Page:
The first picture is of a copy of the Spanish artist Diego Velazque’s “Las Meninas” painting. The original painting was done by the Spanish artist in 1656 and this particular copy is done by John Singer Sargent. The second picture is of the painting ‘The Studio’ done by the Canadian American artist, Philip Guston in 1969, with a gap of over three hundred and fifty years in between.
Both paintings have a similar venue of the respective artist’s studio. But the similarity does not stop there. Both paintings invoke a complex relationship between the artist, the artist’s subject, and the viewer of the paintings.
In Velzquez’s painting, the artist is gazing directly at the viewer, as though the viewer is the subject of the painting on the large canvas being painted, in front of the artist. But, the mirror painted on the back wall in the painting is a reflection of the Spanish King and Queen. This may imply that the subject of the painting is actually the royal couple and the royal couple occupies the same position as the viewer. Regardless of who the artist had in mind at that time, I sense the feeling of admiring veneration for the viewer by the artist, in my modern-age interpretation. (Of course, I recognize that I don’t have a king-like authority to make such a statement.)
In Philip Guston’s painting, on the other hand, the viewer is not directly at the center of attention of the painting. Instead, the viewer is passively observing the artist painting his self-portrait. But here, both the artist and the painting are wearing the notorious Ku Klux Klan hooded masks. So, the viewer is subconsciously drawn into the painting, wondering about the viewer’s role in the painting. Is it really a self-portrait of the artist or that of the viewer? The thought is even more uncomfortable because it provokes the question of the viewer’s role in the heinous atrocities committed by those wearing KKK-hooded masks.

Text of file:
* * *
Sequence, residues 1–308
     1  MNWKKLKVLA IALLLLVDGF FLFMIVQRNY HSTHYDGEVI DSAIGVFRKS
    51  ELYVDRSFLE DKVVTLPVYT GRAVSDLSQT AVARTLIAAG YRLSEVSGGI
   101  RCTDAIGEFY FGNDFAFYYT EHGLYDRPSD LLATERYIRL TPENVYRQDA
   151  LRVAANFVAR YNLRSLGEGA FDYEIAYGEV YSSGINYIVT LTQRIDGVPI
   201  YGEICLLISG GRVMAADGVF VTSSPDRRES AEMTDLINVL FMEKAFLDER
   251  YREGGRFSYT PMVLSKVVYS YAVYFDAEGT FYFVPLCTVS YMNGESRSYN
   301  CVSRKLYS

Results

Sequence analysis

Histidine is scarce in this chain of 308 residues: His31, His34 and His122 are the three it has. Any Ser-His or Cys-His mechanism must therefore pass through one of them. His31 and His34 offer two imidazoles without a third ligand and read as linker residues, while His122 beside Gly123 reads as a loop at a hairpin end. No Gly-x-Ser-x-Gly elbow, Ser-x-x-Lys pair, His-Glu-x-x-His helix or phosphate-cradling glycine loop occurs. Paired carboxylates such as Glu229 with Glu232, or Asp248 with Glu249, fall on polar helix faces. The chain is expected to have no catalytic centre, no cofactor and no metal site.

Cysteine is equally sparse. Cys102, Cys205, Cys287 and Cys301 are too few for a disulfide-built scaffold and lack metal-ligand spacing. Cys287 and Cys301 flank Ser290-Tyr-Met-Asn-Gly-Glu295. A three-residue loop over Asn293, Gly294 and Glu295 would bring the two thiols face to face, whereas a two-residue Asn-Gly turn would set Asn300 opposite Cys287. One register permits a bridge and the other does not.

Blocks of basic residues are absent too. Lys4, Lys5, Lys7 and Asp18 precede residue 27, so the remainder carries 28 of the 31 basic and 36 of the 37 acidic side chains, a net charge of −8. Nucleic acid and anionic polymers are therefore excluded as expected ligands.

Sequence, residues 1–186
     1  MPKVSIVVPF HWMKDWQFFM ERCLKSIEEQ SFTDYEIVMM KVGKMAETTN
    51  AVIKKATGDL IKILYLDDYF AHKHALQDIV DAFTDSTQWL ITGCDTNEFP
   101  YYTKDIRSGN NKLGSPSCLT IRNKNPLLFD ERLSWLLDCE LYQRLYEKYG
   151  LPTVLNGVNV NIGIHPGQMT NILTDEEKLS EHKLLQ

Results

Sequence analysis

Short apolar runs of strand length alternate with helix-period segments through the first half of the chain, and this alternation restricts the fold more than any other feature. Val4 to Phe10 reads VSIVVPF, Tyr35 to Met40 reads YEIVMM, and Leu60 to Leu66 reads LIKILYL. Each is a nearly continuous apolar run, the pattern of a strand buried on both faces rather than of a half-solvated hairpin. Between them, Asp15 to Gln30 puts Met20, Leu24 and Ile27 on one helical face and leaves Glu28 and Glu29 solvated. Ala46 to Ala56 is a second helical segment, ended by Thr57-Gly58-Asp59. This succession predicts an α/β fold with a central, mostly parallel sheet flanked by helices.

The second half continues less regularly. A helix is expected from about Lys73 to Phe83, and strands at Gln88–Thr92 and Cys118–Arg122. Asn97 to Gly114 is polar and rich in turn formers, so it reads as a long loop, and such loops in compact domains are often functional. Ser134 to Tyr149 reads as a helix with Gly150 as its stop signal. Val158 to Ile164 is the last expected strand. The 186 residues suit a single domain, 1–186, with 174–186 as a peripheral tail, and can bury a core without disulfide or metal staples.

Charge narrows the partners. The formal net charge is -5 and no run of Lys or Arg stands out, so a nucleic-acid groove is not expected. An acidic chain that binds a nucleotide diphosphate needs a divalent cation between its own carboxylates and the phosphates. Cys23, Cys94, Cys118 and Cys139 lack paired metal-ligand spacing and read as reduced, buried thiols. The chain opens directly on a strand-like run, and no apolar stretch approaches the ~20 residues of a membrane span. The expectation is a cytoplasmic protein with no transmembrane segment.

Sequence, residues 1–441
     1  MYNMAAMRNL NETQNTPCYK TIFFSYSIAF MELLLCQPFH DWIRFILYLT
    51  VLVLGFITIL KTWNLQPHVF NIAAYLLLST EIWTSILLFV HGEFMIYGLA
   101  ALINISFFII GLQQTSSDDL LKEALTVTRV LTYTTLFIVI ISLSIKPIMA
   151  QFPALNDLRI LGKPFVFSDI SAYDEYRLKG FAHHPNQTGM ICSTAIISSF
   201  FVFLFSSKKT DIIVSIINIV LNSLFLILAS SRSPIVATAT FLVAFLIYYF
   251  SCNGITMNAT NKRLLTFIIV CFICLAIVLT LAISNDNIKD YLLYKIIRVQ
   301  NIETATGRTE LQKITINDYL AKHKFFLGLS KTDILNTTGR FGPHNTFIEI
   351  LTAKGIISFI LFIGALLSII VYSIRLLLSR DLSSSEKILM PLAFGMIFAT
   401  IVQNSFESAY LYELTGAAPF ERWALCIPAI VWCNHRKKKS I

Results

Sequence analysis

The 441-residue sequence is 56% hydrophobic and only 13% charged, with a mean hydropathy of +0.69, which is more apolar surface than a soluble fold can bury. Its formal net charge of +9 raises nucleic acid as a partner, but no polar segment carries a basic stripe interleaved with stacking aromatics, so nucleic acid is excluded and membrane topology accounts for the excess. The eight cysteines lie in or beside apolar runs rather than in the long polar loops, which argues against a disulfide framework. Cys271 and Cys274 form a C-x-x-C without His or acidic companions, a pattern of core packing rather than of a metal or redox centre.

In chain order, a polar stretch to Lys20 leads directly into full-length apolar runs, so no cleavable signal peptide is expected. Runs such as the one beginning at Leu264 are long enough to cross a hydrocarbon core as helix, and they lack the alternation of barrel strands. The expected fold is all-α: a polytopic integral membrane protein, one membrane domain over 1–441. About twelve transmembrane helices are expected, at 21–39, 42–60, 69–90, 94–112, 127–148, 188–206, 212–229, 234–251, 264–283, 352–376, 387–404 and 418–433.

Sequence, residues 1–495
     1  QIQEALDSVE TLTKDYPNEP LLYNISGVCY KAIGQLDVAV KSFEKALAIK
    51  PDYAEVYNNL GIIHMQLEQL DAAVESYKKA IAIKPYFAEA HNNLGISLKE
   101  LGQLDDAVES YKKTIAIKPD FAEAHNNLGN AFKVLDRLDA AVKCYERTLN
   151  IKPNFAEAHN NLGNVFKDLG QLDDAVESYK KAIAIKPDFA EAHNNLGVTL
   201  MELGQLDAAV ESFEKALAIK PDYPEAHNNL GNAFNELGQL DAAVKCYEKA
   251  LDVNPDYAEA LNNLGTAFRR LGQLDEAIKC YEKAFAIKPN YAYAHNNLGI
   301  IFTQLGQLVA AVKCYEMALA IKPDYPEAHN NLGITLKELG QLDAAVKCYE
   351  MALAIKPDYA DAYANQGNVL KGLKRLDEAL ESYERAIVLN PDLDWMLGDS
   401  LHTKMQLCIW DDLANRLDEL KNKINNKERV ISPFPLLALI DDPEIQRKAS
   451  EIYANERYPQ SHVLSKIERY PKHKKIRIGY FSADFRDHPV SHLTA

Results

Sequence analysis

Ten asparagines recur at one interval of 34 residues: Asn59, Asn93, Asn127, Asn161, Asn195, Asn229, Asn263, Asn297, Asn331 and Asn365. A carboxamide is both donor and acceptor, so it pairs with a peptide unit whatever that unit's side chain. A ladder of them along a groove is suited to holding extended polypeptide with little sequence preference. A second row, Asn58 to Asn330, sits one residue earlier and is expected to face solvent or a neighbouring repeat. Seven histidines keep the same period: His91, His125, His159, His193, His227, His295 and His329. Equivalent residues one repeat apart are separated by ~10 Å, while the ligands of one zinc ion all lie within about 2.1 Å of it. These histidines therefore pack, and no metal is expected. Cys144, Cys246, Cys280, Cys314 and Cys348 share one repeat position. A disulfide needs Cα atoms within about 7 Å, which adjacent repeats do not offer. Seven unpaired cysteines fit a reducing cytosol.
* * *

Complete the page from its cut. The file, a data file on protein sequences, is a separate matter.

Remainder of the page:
Both paintings, therefore, leave the viewer in a reflective mood about the subject of the paintings. It’s not just what the painters have tried to convey but also about not being conveyed and left to the viewers to decide.
I must acknowledge that even though I sensed the similarities mentioned above between the paintings at the time of viewing the latter and had this emotional response, I later discovered that somewhat similar emotional reactions are observed by others, in my internet search on this topic. Ambiguity has its company.
Philip Guston’s painting is currently in the ‘Philip Guston Now’ temporary exhibition until August 27, 2023, in the National Gallery of Art in Washington DC. The original painting of ‘Las Meninas’ is in Prado Gallery in Madrid.
You may also want to read my earlier blog about Las Meninas if you got to this point in reading this blog. I promise that I would not reflect on the readership of my blogs, like the viewership of the famous paintings above, even though you may have an uncanny feeling, otherwise!